National Book Awards Acceptance Speeches
Cormac McCarthy, Winner of the 1992 FICTION AWARD for ALL THE PRETTY HORSES
Sonny Mehta Speaking for Cormac McCarthy:
On behalf of Cormac McCarthy, his thanks and ours to those who have created and maintained this Award, and our congratulations to all the writers honored here tonight. I am merely an emissary of Cormac, who is working away, as is his wont; but this pleasure is no less real for his absence. There is a brief story that was given to me by someone also absent, unfortunately -- Albert Erskine, who worked for Cormac as his editor from the very beginning, that is, on The Orchard Keeper, which was published in 1965; and most of you will know that Albert is himself a major figure in American letters. Given what Cormac has accomplished over the last 27 years, six novels so far, and that these books were not afforded wide success until lately, Mr. Erskine has reminded us of another writer, who also waited on such recognition.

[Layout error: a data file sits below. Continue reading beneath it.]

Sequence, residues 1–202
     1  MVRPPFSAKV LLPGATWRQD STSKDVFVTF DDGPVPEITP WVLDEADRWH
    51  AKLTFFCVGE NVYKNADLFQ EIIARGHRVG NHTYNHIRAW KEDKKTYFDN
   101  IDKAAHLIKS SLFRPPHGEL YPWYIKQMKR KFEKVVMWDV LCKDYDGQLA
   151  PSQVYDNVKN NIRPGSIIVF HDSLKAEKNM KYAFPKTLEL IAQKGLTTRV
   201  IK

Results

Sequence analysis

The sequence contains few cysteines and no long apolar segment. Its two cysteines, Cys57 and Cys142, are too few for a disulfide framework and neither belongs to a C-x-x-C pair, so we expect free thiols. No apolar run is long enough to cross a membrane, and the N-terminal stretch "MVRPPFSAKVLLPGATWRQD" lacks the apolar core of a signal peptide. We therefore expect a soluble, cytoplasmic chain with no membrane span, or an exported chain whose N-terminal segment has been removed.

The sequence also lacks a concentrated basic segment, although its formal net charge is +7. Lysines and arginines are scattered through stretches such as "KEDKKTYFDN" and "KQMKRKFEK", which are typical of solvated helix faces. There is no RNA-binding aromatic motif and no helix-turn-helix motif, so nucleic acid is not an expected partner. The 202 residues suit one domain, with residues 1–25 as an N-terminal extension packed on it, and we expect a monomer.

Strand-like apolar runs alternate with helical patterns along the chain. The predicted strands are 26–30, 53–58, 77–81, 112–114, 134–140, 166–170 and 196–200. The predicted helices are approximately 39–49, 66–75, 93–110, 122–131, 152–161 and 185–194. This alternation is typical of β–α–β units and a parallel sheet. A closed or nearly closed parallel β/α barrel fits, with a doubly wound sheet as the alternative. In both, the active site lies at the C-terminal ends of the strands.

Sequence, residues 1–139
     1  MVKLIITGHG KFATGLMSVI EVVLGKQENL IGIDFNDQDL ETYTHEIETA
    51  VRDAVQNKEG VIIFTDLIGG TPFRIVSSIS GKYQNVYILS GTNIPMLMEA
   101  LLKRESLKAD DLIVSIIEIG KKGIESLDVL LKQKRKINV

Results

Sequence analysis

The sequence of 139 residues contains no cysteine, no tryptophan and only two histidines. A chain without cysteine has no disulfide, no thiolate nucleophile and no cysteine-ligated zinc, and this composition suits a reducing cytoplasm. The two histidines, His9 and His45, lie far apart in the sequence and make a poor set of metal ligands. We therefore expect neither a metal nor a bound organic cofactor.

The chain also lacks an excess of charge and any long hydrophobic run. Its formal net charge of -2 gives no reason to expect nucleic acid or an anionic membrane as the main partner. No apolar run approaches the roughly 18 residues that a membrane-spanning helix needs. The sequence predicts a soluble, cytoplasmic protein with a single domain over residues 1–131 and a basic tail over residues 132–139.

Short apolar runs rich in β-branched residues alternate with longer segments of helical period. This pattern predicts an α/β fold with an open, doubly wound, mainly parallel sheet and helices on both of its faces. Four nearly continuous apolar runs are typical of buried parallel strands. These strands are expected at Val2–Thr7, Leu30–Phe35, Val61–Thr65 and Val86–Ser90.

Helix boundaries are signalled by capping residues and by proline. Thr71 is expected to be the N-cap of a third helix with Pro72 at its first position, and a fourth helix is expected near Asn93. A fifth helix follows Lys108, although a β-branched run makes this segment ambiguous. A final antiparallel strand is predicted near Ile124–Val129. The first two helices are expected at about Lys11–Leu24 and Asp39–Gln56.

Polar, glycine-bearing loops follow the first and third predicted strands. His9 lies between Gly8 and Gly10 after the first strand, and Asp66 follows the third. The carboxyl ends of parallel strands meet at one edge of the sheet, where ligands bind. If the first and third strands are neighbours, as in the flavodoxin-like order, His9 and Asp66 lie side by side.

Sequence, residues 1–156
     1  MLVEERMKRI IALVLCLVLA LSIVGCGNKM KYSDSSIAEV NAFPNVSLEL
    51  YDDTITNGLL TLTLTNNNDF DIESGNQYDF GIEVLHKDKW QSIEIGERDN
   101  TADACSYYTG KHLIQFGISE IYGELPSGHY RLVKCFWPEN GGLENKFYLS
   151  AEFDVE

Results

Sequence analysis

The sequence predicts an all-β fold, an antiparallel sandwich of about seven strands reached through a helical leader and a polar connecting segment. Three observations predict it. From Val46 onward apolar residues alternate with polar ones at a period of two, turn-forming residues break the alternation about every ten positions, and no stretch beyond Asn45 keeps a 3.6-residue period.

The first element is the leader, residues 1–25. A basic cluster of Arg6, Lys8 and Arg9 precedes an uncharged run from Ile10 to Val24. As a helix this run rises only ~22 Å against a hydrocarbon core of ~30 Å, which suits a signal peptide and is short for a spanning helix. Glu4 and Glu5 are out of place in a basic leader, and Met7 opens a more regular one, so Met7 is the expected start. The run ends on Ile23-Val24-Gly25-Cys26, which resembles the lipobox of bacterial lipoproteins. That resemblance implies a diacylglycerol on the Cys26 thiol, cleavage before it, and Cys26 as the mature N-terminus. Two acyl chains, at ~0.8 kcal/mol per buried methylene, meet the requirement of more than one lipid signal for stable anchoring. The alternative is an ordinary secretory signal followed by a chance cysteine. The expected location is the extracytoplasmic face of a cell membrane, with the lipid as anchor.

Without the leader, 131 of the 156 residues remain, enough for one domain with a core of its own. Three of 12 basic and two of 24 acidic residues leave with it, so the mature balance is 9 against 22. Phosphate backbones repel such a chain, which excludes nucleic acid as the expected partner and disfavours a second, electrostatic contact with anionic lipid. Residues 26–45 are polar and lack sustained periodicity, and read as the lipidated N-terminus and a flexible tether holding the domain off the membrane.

The Sound and the Fury was issued on the 7th of October, 1929, and despite its immediate claims on the literary conscience, this book enjoyed a sale of some 3,000 copies over a 15 year period, at which point, as we know, all hell broke loose. Awards and bestsellerdom come two ways, to paraphrase Hemingway on bankruptcy. Gradually, and then suddenly, if at all. So it's a special pleasure to celebrate a writer who has made a remarkable excursion into literature, and this evening is an honor, as well, for those like Mr. Erskine or Dan Halfon (ph), who kept Cormac's books in print for so long.
People have never doubted that with Cormac McCarthy, we were in the most vivid presence of a man whose books were made to last, so thank you all very much indeed.